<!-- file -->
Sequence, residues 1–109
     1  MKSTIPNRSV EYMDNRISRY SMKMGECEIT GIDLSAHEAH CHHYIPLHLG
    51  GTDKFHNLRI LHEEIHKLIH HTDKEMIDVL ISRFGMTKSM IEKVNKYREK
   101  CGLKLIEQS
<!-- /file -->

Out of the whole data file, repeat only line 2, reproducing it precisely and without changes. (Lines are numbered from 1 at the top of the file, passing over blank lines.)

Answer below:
     1  MKSTIPNRSV EYMDNRISRY SMKMGECEIT GIDLSAHEAH CHHYIPLHLG